Hello and welcome to my Gnu Zoid review.
In this review I will take a look at the Zoid as a powder snowboard.
As per tradition here at SnowboardingProfiles.com I will give the Zoid a score out of 100 (based on several factors) and see how it compares with other powder snowboards.
Board: Gnu Club Collection Zoid EC2 PBTX
Price: $649 (USD recommended retail)
Flex: Medium (6/10)
Rating Score: 87.5/100
Compared to other Men’s Powder Boards
Out of all the men’s powder snowboards that I rated:
- I looked at 29 different men’s powder boards
- The average price was $562 (USD)
- The average score was 85.6/100
- The highest score was 92.6/100
- The lowest score was 71.6/100
- The Zoid ranked 12th out of 29
This is a loose look of course, because even within the powder board category there are some boards designed for different things. Some powder boards are designed so you can ride switch in powder and are good for jumps and tricks whilst others are just a chilled surfy ride.
Overview of the Zoid’s Specs
Check out the tables for the Zoid’s specs and available sizes in the charts below.
|Style||Powder/Freeride||Flex||Medium (6 out of 10)|
|Ability Level||Advanced to Expert||Feel||Semi-Stable and Surfy|
|Camber Profile||Hybrid Rocker||Shape||Asymmetrical Tapered Directional|
|Stance Setback||Setback 50mm (2″)||Edge-hold||Hard snow|
|Size (Length)||158 Regular||158 Goofy|
|Waist Width (mm)||255||255|
|Weight Range (kgs)||54 – 109+||54 – 109+|
|Weight Range (lbs)||120 – 240+||120 – 240+|
The Zoid only comes in one size. But there is a goofy and a regular version. This is because the Zoid is asymmetrical and with a directional shape.
Who is the Zoid Most Suited to?
For anyone looking for a really surfy feel, you’ll love the Zoid. This is the closest thing to feeling like you are surfing on snow that I’ve ridden.
Definitely a board for powder. You can ride the groomers on it and you’ll be fine but there are better boards for the groomers – this thing was born to ride the powder so that’s really where you should take it to experience it at its best.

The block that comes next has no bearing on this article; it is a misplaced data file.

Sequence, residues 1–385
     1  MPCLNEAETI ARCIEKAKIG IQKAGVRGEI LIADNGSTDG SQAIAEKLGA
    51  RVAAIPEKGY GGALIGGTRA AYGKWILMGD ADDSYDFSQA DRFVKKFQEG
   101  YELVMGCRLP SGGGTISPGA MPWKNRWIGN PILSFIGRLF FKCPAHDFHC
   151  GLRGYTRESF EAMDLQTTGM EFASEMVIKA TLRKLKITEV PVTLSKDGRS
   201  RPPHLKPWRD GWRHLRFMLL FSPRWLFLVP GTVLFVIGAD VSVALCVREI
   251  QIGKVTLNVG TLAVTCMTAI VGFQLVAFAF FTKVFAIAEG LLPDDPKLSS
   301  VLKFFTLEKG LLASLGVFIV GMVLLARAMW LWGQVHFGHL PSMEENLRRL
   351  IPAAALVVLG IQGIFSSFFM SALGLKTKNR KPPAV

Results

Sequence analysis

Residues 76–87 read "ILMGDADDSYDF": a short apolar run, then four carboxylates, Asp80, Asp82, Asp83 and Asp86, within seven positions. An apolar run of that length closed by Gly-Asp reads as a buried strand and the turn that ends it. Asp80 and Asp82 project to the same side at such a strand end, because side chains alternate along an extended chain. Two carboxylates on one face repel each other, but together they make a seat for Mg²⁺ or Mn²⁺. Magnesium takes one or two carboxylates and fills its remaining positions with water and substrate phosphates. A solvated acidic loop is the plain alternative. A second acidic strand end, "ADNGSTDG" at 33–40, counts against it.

It’s a pretty loose feeling ride and it feels effortless riding this board – so if you like a loose, surfy, effortless ride and get lots of/like to hit the powder then this is definitely a fun board.
Note that because it’s an asymmetrical directional board (asymmetrical boards are usually twins) that there are separate boards for regular and goofy riders. So if you get this board make sure you get the right one.
The Zoid in More Detail
O.k. let’s take a more detailed look at what the Zoid is capable of.
Board: GNU Zoid Goofy 2017, 158cm (255mm waist width)
Date: February 27th, 2016
Conditions: Choppy and slushy mostly on groomers, but soft fresh snow in some spots. Fine with a bit of rain later in the day. Visibility good all day.
Bindings angles: +15/-9
Powder is where this board excels the most. The pockets of powder that I found were like bliss on this board. I only wish there was more of it around on the day.
The camber profile of the Zoid helps with this float. It’s got a pronounced rocker between the feet and only very subtle camber towards the tip and tail.
It also has a good setback – 2” (51mm) which also helps to make it effortless to keep the nose above the snow and the tapered directional shape also helps with float.
Not the king of carving by any means. The feel is too loose to be a mega-carver. But once you got used to the feel of it (which took a little bit of getting used to) you can definitely carve on it.
Edge-hold is pretty good for a board with so much rocker. I wouldn’t say it turns ice into powder – as the slogan for magne-traction goes – but I’ve never ridden a board that can. It’s good up to hard conditions but not so much for really icy conditions.
It’s pretty quick – not lightning fast and doesn’t feel that stable when you really pick up the pace on harder snow. But in the powder you can let this thing fly and it feels great.
Let’s Break up this text with a Video
Learn more about the Zoid in the video below.
I rode this board on a Saturday – and the snow was soft and the weather warm – which meant pretty choppy conditions with all that Saturday traffic chopping up the soft snow. I’m a bit spoilt these days and usually ride weekdays whenever I can but I had to do this on a Saturday.
The Zoid handled those choppy conditions better than I expected. It’s not the ultimate uneven terrain board but it can handle it pretty well. It managed to still feel really surfy even over the chop!
Decent for ollies and popping off little lips – but not amazing, but that’s not what this deck is designed for.
You can but you don’t. Again not the purpose of this board, in my opinion.
Score Breakdown and Final Verdict
Check out the breakdown of the score in the table below.
|FACTOR||RATING (OUT OF 5)||CONTRIBUTION TO FINAL SCORE|
|TOTAL after normalizing||87.5/100|
If you’re looking for a super fun, loose feeling, effortless, surfy powder board, then give the GNU a try. It was a different feeling board for sure but once you got used to it, it was fun.
It’s not a one board does it all, but it would be a great addition to the quiver, especially on powder days.
More Info, Current Prices and Where to Buy Online
If you’re interested in learning more about the Zoid or want to research price or size availability, check out the links below.
Thanks for reading, I hope this review has helped you to learn more about the Zoid and helped in your buying decision.
Hey there – saw this board on sale and it looks like fun. do you feel burton ions in 11.5 would be too big for the 159?